My beloved spiritual children in Christ Our Only True God and Our Only True Savior,
CHRIST IS IN OUR MIDST! HE WAS, IS, AND EVER SHALL BE. Ο ΧΡΙΣΤΟΣ ΕΝ ΤΩ ΜΕΣΩ ΗΜΩΝ! ΚΑΙ ΗΝ ΚΑΙ ΕΣΤΙ ΚΑΙ ΕΣΤΑΙ.
FIRST WEEK OF HOLY AND GREAT LENT: THE CANON OF SAINT ANDREW OF CRETE
(Source: The Monastery of Axion Estin)
The experience of Holy and Great Lent is a spiritual journey whose purpose is to transfer us from one spiritual state to another, a dynamic passage. For this reason the church commences Lent with the great penitential Canon of Saint Andrew of Crete. This penitential lamentation conveys to us the scope and depth of sin, shaking the soul with despair, repentance, and hope.
The only times it is appointed to be read in church are the first four nights of Great Lent (clean Monday through to clean Thursday and four sections of each ode are read at great compline) and at Matins (Orthros) for Thursday of the fifth week of Great Lent, when it is read in its entirety (in this latter service, the entire life of Saint Mary of Egypt is also read).
This complex poem (actually a chanted hymn) was written in the early 700's, and it picked up the adjective "great" for two reasons: it is extra-long (about 250 verses), and it is majestic. It is a liturgical poem consisting of nine odes. The great Canon was written by Saint Andrew of Crete, a bishop who was initially a monk in Jerusalem.
The whole Canon is a kind of "Walk Through the Bible". Saint Andrew begins with Adam and Eve and goes all the way through, exhorting himself by applying the stories and characters of the Holy Bible.
Reading the Canon helps us see how Christians in the Holy Land, 1,300 years ago, understood the Holy Scripture. It is a way to time-travel, and actually joins them in these ancient Christian devotions which are part of the dynamic life of the Church.
Father Alexander Schmemann says about the 'great Canon of repentance' that: "...with a unique art, Saint Andrew interwove the great biblical themes--Adam and Eve, Paradise and the Fall, the Patriarchs, Noah and the Flood, David, the Promised Land, and ultimately Christ and the Church--with confession and repentance. The events of sacred history are revealed as events in my life, God's acts in the past as acts aimed at me and my salvation, the tragedy of sin and betrayal as my personal tragedy. My life is shown to me as part of the great and all embracing fight between God and the powers of darkness which rebel against Him."
Of the Canon, Father Alexander, continues: "The Canon begins on a deeply personal note...One after another, my sins are revealed in their deep connection with the continuous drama of man's relation to God; the story of man's fall is my story".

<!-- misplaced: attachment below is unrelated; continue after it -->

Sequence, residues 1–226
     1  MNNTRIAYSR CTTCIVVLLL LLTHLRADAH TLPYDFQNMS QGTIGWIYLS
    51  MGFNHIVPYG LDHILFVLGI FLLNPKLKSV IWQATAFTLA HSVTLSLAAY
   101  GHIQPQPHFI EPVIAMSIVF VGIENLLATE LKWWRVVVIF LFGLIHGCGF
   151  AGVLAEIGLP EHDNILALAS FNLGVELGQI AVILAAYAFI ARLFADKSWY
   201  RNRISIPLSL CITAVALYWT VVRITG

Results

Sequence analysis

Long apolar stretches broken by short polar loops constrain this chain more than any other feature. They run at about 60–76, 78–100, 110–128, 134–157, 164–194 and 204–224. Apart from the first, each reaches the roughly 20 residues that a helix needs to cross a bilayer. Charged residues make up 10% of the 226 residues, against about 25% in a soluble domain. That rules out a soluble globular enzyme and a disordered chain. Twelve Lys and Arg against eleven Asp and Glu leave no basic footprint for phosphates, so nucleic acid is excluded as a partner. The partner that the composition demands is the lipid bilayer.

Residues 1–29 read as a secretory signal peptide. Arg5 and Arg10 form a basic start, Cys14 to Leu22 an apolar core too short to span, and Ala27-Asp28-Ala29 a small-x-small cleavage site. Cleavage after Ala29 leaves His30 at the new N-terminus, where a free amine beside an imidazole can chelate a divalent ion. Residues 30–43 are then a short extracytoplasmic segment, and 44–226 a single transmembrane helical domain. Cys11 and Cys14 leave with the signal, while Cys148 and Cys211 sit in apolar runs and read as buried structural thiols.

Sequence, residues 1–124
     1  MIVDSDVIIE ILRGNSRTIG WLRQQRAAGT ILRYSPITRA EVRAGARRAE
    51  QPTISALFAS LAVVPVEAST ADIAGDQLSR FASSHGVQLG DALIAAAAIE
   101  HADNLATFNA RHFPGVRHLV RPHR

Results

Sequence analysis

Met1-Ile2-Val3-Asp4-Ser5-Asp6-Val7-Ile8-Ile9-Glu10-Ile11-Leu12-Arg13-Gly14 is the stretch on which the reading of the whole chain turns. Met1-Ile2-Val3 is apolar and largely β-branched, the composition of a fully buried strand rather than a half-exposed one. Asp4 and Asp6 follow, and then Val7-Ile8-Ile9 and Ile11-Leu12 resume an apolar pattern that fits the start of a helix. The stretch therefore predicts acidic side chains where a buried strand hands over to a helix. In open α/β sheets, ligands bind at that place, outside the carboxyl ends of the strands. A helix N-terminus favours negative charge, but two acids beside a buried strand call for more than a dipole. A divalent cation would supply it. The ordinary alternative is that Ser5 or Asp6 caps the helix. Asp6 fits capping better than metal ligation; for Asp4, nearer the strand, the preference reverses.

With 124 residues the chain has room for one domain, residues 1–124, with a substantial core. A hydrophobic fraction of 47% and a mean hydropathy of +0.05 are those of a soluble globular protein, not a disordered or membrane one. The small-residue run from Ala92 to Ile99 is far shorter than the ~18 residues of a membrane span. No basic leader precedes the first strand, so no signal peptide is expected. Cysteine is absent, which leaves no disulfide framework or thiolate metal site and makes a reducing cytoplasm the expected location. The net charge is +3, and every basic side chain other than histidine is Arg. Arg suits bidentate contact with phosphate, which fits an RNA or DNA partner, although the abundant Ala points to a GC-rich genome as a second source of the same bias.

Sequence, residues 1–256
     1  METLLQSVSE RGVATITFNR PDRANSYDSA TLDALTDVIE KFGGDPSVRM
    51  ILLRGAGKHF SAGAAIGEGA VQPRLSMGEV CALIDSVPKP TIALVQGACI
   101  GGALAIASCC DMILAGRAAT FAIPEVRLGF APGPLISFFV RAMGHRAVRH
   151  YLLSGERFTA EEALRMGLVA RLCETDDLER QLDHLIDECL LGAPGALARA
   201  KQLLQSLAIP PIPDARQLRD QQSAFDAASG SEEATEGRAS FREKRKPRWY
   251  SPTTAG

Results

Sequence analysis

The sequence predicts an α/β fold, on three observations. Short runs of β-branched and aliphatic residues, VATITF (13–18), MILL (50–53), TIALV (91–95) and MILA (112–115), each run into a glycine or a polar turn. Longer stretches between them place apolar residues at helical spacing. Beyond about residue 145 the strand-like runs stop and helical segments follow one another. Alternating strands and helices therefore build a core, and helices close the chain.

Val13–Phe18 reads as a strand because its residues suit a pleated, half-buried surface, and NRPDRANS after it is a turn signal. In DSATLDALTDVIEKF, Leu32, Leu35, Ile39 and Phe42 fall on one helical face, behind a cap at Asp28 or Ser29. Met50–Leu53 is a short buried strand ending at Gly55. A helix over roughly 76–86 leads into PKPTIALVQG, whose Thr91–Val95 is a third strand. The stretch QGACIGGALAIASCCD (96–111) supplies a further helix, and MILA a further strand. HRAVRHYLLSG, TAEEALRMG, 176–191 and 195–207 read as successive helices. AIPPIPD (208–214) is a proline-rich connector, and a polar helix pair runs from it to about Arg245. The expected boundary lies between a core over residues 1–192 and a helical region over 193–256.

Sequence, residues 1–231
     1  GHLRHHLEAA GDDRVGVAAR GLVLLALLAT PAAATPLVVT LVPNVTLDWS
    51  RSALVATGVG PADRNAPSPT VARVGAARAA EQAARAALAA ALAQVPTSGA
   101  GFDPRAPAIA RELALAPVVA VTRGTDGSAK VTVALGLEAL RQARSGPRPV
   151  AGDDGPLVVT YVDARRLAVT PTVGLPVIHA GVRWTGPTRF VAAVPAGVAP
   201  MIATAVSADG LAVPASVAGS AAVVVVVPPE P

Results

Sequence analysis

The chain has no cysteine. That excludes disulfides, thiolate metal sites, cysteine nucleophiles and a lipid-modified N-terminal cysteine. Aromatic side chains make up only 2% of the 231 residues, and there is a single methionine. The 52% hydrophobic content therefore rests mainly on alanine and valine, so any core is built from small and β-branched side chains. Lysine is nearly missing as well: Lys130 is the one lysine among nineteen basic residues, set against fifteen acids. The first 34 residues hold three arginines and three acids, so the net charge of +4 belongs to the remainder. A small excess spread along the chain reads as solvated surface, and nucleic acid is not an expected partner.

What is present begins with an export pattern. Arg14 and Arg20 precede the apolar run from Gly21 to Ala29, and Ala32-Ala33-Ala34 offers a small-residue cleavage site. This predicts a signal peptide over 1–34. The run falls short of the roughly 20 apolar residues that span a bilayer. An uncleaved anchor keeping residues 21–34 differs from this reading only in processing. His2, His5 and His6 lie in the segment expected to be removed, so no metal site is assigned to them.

Farther Alexander goes on to say that these stories from Holy Scripture are so much more than merely allegories. He reminds us that even though we are each unique persons, we are all moving through the same drama. We all face choices that through the ages others have faced before us and just as we must choose the sacred pathway to return to God so they had to choose; and in their choosing have much to teach us, to remind us, to reveal to us the tried and tested path to life. And it is in this way my own and deeply personal sin becomes the lens through which I can begin to grasp the real importance of His redemptive acts.
Part of the reasons that we are so vividly lukewarm in the faith, according to Father Alexander, is that we are too much concerned with things of the world, and we fail to remember the true heights from which we fell from grace as sons and daughters of Adam. This is something that is common to all mankind through the ages, but Father Alexander adds another element to this that brings it closer to the reality of contemporary life. He says: "Sin...is thought of primarily as a natural "weakness" due usually to a maladjustment, which has in turn social roots and, therefore, can be eliminated by a better social and economic organization. For this reason even when he confesses his sins, the modern man no longer repents...[he] shares his problems with the Confessor--expecting from religion some therapeutic treatment which will make him happy again and well-adjusted."
However, the great Canon, says Father Alexander, reintroduces us to the truth about sin and our sinfulness. It directs us back to the culture of Creation, Fall, and Redemption where we may have chance at once again to recall our experience and existential failures within our life, therefore repentance from sin is: "...the shock of man who, seeing in himself the "image of the ineffable glory," realizes that he has defiled, betrayed and rejected it in his life; repentance as regret coming from the ultimate depth of man's consciousness; as the desire to return; as surrender to God's love and mercy...[allows confession to become] meaningful only if sin is understood and experienced in all of its depth and sadness", as the rejection of communion with God.
Unfortunately, the culture in which we live excludes the concept of sin or distorts its notion in relation to the biblical and Christian tradition. For if sin is, first of all, humanity's fall from an incredibly high altitude, the rejection by humanity of its 'high altitude,' and 'calling', and defines a human not from 'above' (according to the image and likeness of God) but from 'below' (according to mere biology or physiology). Sadly this culture we live in thinks of human life only in terms of material goods and thus ignores the fact that human beings have a transcendental vocation.
The biblical and Christian tradition of sin has a depth and density which the culture in which we live is simply unable to comprehend and which makes confession of sins something very different from true Christian repentance. For this reason the great Canon reminds and teaches us that the ground that we need to walk in order to return to anything resembling the "image of the ineffable glory" is a field that we too often leave uncultivated and neglected. For most of us, locked into the familiarity of institutionalized, rule bound, and well worn praxis the simple words in the Canon which have so much to do with acts of self-denial and obedience, are a wilderness of exceptionally rich and unfamiliar ground, in the culture in which we live and which shapes our world-view.